By James Neeley
A shopping cart sized robot driven by a video game joystick controller is revolutionizing underground mapping in the mining industry.
The Robot Mapping System, known as RoboMap, was developed and tested in partnership between Penguin Automated Systems Inc. and Vale Inco, said Greg Baiden, president of Penguin Automated Systems Inc.
The system was recently used in the surveying of a three-kilometre tunnel connecting Inco's North and South mines.
RoboMap is fitted with a highly accurate compass that identifies three dimensional points. Laser profiling is used to collect hundreds of data points per second, Baiden explained. "With this system we can map an entire mine in about a month. By hand it would take more like a year."
Traditional mine survey works exactly like surveying above ground, Baiden explained.
A couple surveyors set up at a location to take two or three distance measurements of the side and ceiling,. then pick up the gear, move 20 feet and do it again.
"Because we have a very accurate gyro (compass) on board, we can drive the machine forward, stop on a point and collect a hundred data points. And we can stop more frequently," he said.
The system can also collect data as it is traveling.
"As you drive along and a laser scanner continues collecting information," Baiden said.
“The amount of information available is much more accurate than we've ever had before, enabling surveyors to develop far more detailed underground maps,” he said.
The various systems of automated mapping being used above ground needs GPS (Global Positioning System), Baiden said. "But not the RoboMap."
Tranferring a surveying vehicle, like those used by the Ministry of Transportation, "underground to do surveying didn't exist before," he said.
The RoboMap's integrated remote controlled system can easily fit and manoeuvre through underground drifts and tunnels.
"(RoboMap) is a centre articulated vehicle and it's very easy to operate,"
Baiden said explaining a game controller — a Logitech Sony Playstation 3 controller — is used to operate the device.
One day soon RoboMap will be controlled from surface via remote. The system is also useful in obtaining quality measurements of wall thickness, surveying road conditions and ventilation systems.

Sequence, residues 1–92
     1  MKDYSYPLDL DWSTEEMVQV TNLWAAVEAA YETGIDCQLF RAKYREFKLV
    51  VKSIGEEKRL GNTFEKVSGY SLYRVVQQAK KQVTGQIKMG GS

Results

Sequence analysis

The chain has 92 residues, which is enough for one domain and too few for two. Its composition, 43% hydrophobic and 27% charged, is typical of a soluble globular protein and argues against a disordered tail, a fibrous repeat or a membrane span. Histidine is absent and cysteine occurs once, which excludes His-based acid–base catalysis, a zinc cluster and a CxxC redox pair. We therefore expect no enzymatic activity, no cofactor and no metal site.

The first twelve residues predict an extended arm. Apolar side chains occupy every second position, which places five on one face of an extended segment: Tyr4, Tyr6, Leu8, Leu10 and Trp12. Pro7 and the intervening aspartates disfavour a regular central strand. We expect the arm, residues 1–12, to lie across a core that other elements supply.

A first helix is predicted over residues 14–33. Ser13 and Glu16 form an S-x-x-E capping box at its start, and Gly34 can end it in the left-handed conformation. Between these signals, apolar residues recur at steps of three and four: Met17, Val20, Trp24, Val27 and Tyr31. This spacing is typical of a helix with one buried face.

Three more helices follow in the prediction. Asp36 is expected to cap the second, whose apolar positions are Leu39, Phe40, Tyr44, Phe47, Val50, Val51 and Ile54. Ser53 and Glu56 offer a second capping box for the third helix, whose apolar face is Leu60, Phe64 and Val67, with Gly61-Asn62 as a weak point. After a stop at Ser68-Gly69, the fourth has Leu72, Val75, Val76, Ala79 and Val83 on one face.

"You can actually see the details of the ventilation systems or look and see where safety stations are located," Baiden said. "You can do all these kinds of things you just couldn't do before because the volume of information required was just so great and hard to get."
The system is a tool to improve mining operations and conditions underground, Baiden said.
For example, mine ventilation is a huge cost, and without accurate maps of the roughness of the wall and floors it's hard to improve the overall process of ventilation.
The same goes for underground roadbeds, he said. "There is no way to accurately map roadbeds and do surveys underground of what roadbeds are relative to others."
After seeing the RoboMap in action, Colin Flett, a retired Vale Inco engineer said, "I'm a firm believer in the system for its speed and the (minimal) impact it has on production."
Where traditional surveying would require the mine to shut down operations in certain sectors to protect the surveyors, he explained, RoboMap can function without disruptions.
The project to link Inco's North and South mines displayed the potential of the system, Flett said., explaining the goal was to connect two tunnels spanning about three kilometres, 5,200 feet underground.
"With small errors every time you set up a survey gun there was a chance we would be out as much as 20 feet."
With a rail system planned to connect the two mines, Flett said, "If we were even five feet too high we would probably have to go back 1,000 metres to correct the problem.
"The tolerances had to be much more exact," he said.
As mines move wider and deeper, advanced surveying technology could become an integral part of operations, Flett said.
"It's a good second check. Every six months or so go in and run the (RoboMap) over a long distance to make sure we're all headed in the right direction."
Penguin plans to market the RoboMap as a service tool, Baiden said.
"The gyros are sensitive, and it's important to keep control of access to the gyros."
The RoboMap system can be transported into a mine and operated, either on its own system or integrated into the mine's system, Baiden explained.
It took more than three years to develop the RoboMap technology.
"Although the system came out of the world of mining, there is huge a potential of applications for it."
The RoboMap could be used to map the inside of buildings, to help plan tunnel routes or underground sewer systems.